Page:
Special Motorcycle Laws: Motorcycle Helmets and Lane Splitting
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UPDATED: Jun 19, 2018
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The motorcycling community across the United States is passionate and vocal regarding two major issues: helmets and lane splitting. These two issues evoke a wave of passion from bikers. Helmets and lane splitting are both covered by individual state laws, and as a result there is no uniformity in what is allowed and what isn’t from state to state. What is legal in Texas may not be legal in Michigan. A simple ride up the Pacific Coast could mean that what is legal for the first 500 miles is not legal for the next 250. Know where you’re riding and what laws apply. Violating helmet and lane splitting laws could cause a run-in with local authorities.
Very few states are without helmet laws on their books. Whether requiring helmets for all riders, instituting age-based helmet requirements or requirements based on insurance or riding experience, most states have codified their official position on helmets. It is not uncommon to have state laws that allow riders over 18 or 21 to ride without a helmet. Some states require riders to wear helmets for the first couple years they carry a motorcycle license, regardless of age. Texas and Florida exempt riders from wearing helmets provided they prove they carry private medical insurance.
IMPORTANT NOTE: Not wearing a helmet could influence whether you can collect damages if you are injured and file a motorcycle accident claim. Regardless of state law, choosing to ride without a helmet will affect how both insurance companies and courts apportion fault and calculate the value of your case.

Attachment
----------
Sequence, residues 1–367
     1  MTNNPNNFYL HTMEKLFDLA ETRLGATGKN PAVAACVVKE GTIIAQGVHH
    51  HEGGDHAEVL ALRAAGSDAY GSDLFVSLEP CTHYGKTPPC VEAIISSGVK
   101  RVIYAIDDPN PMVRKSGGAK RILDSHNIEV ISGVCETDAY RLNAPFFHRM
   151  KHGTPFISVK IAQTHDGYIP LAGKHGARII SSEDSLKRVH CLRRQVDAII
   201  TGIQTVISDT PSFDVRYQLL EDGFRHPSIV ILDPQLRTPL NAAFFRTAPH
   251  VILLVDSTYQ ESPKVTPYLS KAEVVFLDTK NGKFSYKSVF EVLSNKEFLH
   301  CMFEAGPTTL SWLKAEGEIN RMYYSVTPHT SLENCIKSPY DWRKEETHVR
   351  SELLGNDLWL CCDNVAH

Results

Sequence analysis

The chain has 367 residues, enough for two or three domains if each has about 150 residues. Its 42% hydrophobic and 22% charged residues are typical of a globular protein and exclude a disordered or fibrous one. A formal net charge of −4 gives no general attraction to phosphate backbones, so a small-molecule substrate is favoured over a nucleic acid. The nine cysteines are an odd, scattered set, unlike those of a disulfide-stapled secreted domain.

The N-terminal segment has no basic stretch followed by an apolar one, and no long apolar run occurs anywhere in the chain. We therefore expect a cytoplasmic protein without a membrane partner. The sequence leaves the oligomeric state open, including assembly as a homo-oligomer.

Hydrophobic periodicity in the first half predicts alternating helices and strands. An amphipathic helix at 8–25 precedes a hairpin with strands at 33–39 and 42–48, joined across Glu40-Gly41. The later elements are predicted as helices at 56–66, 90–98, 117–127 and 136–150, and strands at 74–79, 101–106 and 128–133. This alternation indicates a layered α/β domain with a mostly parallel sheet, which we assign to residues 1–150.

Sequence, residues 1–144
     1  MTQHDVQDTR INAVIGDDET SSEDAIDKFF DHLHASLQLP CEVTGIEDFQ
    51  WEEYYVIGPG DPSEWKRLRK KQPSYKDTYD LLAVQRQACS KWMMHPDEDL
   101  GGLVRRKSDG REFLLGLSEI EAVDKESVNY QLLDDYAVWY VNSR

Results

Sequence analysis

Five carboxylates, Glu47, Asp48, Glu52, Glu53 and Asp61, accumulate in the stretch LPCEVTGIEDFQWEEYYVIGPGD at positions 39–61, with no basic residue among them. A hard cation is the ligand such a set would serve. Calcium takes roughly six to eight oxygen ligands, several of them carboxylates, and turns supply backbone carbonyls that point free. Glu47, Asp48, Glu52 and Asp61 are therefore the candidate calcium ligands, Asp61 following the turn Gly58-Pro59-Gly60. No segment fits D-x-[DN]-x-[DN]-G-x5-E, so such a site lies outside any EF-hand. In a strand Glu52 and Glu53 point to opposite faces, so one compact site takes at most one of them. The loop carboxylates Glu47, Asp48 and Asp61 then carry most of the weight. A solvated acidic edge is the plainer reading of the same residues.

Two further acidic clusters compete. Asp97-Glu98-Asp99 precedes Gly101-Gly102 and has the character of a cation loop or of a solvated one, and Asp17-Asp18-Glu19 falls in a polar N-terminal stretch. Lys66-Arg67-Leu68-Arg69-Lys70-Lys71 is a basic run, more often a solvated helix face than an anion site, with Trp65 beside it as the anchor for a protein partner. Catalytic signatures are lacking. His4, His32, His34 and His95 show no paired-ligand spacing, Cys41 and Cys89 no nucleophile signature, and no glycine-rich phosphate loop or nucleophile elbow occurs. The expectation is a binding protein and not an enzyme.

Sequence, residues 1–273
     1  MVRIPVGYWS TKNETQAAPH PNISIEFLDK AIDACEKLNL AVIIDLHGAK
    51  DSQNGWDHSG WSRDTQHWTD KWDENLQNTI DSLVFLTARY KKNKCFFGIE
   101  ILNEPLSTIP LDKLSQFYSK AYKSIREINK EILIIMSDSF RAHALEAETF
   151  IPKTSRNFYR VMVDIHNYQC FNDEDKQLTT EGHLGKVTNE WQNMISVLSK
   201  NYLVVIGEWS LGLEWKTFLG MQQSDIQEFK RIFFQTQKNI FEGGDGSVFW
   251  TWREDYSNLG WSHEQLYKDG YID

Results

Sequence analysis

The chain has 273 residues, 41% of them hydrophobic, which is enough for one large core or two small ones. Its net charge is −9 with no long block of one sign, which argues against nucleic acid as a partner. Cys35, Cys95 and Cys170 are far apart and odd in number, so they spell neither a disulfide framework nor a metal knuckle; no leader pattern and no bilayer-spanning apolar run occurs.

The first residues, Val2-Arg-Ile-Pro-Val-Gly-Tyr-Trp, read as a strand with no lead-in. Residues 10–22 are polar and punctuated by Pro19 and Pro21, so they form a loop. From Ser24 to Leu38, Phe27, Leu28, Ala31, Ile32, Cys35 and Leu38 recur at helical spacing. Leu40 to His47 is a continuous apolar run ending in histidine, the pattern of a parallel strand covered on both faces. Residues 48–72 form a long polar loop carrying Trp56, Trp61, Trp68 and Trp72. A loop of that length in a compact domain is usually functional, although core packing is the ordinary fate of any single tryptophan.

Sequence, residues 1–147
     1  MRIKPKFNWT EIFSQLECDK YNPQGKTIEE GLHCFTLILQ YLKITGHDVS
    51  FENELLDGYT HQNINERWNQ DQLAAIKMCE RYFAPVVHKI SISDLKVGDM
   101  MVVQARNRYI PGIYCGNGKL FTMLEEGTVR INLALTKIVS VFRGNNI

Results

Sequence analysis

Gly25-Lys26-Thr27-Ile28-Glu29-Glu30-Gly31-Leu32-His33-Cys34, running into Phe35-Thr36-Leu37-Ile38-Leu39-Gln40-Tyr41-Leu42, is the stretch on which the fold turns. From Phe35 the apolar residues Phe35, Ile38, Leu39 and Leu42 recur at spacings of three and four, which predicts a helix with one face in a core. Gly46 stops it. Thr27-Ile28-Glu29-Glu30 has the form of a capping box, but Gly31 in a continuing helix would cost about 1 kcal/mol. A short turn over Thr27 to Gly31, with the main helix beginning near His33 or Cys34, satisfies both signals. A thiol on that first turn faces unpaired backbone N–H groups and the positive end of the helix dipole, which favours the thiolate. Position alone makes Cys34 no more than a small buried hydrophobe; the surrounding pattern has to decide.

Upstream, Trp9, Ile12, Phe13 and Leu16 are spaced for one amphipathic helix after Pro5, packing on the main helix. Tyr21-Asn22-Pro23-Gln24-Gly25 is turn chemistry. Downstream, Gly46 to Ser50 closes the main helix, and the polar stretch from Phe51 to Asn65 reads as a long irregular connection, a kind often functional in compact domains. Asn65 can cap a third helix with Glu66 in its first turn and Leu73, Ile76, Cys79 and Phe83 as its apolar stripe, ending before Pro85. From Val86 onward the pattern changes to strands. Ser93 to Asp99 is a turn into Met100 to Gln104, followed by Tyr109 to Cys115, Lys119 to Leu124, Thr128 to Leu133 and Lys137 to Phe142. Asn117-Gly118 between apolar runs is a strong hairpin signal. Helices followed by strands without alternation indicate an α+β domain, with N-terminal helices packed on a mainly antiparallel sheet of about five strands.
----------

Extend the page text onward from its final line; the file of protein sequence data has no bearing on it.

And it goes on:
Lane Splitting and Sharing
While perfectly legal in many other areas of the world—including much of Europe and Japan—lane splitting is illegal (although not uncommon) in 49 of the 50 states. Only California has passed laws allowing motorcyclists to ride between lanes of stopped traffic. As stated by the California Highway Patrol, “Lane splitting by motorcycles is permissible but must be done in a safe and prudent manner.” There is no codified, specific definition of what constitutes a “safe and prudent manner,” but two factors commonly taken into consideration are the speed at which the motorcycle is traveling, as well as the speed of the surrounding traffic.
Lane-splitting accidents can present a major problem if they result in injury. Insurance adjusters do not look kindly on parties that were injured in the course of riding illegally. Persuading an adjuster to pay a claim if you were lane splitting could be an uphill battle. Even if you are in California and have not acted illegally by lane splitting, adjusters may view your actions as negligent because you may have created a dangerous situation for other motorists—particularly considering how difficult it may be to see a lane splitting rider. Regardless, most motorcycle personal injury laws tend to favor the injured party and you may be able to recover damages unless you were acting illegally or contributed to your own injuries. You may wish to speak to a motorcycle accident attorney about the rights and obligations associated with your potential claim.